Military and Political Affairs Preoccupy President Lincoln

September 16, 1864

The presidential campaign continues to heat up. Attorney General Edward Bates writes in his diary: “To day, I handed to Mr. Nicolay my check for $250, my contribution to the National Union Comme., toward the pending election. I believe all the other cabinet ministers have done the same.”

In response to complaints from the Union State Central Committee of Illinois and the Grand Council of the Union League of Illinois, President Lincoln writes Provost-Marshal-General James B. Fry: “Please see and hear these gentlemen, who say that by an adjustment—settlement, so to speak—the aggregate quota for Illinois is 16, 184 men, while by some result of sub-districting the draft is about to be enforced for 29,797.

Please look into this and correct the error if it exists, or make for me an intelligible statement; show no error to exist.

Governor Richard Yates had written earlier in the day: “The total deficiency against this state for all calls was thirteen thousand four hundred forty (13440) on the first of this month and yet the Asst. Pro. Mar. General here informs me that he is instructed to draft by subdistricts for the total deficiency of such subdistricts– Such deficiency was twenty eight thousand fifty eight (28058) on the first of this month or more than double the balance against us as a state: The deficits were only announced on the 27th of August– I have already insisted to the War Dept. that as our excess of three years men was thirty five thousand eight hundred seventy five (35875) when our quota was fifty two thousand fifty seven (52057) one year men — that under the enrolment law of 1863 our state was not liable to a draft under the present call and I had also urged that if a draft was insisted upon that it should only be made for the deficiency against as a state. No attention has been paid to these matters. If a draft is now insisted upon for twenty eight thousand fifty eight (28058) I will not be responsible for consequences In my own opinion it will not only endanger the peace of the state but will hopelessly defeat us in the coming Elections– Our republican papers will universally denounce it and our union men in the state will be left without the means of defending the fatal policy–“

Lincoln brother-in-law Ninian Edwards, whose behavior in a patronage job had frequently been questioned, writes President Lincoln to proclaim his loyalty: “I would write to you occasionally if I did not know that the whole of your time was occupied on public business– I wish however to assure you again that I am not unmindful of the obligations I owe you for many acts of kindness to me — which I shall ever remember with heartfelt gratitude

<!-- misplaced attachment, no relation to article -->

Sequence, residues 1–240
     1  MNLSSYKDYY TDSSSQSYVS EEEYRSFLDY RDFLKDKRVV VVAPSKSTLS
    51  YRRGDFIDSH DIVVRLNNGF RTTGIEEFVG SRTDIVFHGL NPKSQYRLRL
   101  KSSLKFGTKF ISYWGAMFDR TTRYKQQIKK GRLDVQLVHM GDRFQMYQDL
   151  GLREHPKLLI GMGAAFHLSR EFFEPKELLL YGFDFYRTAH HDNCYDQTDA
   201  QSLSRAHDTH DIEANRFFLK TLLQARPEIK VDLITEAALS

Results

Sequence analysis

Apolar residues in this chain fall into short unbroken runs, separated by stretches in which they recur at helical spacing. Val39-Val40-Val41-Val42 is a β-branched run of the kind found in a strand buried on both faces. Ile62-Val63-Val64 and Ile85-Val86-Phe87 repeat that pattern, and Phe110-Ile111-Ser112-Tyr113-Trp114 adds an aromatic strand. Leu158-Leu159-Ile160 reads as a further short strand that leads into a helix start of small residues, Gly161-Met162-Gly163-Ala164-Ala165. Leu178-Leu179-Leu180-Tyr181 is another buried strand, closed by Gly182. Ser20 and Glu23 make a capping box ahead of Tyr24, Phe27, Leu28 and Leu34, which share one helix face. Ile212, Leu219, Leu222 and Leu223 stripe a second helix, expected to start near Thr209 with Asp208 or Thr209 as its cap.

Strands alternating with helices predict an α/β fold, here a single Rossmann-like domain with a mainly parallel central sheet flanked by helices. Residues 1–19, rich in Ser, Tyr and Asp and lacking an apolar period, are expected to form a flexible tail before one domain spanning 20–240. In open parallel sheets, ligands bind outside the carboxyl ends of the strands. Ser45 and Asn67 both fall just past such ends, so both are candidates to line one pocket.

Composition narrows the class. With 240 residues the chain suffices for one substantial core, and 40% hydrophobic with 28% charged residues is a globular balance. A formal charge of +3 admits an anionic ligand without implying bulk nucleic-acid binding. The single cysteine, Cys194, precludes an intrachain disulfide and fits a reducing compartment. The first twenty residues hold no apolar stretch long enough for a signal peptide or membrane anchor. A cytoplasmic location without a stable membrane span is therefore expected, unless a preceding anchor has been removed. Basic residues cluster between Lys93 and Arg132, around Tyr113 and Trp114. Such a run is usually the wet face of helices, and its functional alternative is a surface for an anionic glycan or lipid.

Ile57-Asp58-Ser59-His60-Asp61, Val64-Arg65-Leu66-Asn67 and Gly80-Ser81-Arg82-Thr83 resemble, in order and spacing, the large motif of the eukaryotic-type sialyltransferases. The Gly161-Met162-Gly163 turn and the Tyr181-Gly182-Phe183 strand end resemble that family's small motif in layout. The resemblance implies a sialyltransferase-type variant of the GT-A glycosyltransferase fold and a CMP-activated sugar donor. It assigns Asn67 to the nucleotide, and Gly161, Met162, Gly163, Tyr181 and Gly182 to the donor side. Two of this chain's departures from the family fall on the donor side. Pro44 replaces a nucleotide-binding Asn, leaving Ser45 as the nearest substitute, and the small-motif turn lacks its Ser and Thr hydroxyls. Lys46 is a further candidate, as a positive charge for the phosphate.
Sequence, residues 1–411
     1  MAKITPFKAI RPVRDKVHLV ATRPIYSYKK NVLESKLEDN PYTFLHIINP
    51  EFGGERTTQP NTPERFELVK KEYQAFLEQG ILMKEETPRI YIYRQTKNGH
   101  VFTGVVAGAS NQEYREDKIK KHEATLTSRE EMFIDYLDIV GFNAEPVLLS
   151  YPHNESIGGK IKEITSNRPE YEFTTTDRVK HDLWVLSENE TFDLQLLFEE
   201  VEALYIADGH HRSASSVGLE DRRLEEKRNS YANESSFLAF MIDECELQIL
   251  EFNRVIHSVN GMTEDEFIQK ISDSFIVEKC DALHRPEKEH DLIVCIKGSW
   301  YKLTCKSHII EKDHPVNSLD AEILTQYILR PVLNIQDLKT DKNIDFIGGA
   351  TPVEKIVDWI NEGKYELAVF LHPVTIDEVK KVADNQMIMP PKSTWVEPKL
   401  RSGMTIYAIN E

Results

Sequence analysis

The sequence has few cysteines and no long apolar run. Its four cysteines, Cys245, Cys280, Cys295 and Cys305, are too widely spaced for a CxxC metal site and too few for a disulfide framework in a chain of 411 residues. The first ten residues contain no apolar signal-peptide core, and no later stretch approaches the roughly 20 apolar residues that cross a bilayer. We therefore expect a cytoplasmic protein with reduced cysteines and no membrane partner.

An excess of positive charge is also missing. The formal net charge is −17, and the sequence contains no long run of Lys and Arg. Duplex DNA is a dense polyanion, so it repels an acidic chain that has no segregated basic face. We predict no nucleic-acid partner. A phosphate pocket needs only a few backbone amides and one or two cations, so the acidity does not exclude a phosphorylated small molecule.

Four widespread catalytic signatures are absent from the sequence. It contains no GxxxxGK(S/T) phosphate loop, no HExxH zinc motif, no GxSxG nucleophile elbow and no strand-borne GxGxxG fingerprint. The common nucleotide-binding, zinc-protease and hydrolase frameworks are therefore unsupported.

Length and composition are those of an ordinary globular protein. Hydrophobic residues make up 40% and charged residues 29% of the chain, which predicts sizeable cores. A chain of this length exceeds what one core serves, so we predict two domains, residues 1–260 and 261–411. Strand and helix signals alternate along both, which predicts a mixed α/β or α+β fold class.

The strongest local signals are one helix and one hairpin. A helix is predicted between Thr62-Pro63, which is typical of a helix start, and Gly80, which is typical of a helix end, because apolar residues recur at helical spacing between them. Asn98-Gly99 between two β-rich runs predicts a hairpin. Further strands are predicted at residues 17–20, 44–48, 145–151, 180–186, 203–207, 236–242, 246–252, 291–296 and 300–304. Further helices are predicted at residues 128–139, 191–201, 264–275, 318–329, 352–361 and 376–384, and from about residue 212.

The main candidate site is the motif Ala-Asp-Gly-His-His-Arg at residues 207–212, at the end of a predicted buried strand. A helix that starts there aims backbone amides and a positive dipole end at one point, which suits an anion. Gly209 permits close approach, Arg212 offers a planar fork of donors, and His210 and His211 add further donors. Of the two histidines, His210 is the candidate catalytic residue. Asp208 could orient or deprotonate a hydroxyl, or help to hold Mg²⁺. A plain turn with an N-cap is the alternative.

I was gratified at your unanimous nomination — and it is my opinion that you will be sustained in this State– There may be some loss in the center of the State — but it will be made up by gains in the North and South– I would write more but I know that you have not time to read even a short letter–

I am satisfied with my position here — and in the discharge of my duties I have had but one object in view — the promotion of the public interest–

Another thorn in Lincoln’s side, New York Tribune Horace Greeley writes President Lincoln: “This note will be handed you by Mrs. Benham, mother-in-law of George D. Prentice, and very well acquainted with the master-spirits of the Confederacy, or many of them.”

So many efforts to bring the leaders in this struggle face to face with a view to Peace having failed, I fear you will recoil from another; but I am confident that Mrs. Benham would, if desired, bring to Washington the best among them, such as Alex. H. Stephens and a representative of Gov. Vance.1

I do not urge you to do any thing. I will not even advise. But so anxious am I that not one needless drop of blood should be shed in this terrible struggle that I venture to commend Mrs. Benham to your kind consideration, and to assure you that any confidence you may repose in her will be sacredly respected. I think you will see that she has capacity; and I feel very sure that, if three leading spirits of the more moderate and conservative Confederates were this day in Washington and in communication with you, this desolated land would very soon be again at peace.

President Lincoln writes General Franz Sigel, who has requested to visit the capital: “You are authorized to visit Washington, on receipt of this.”

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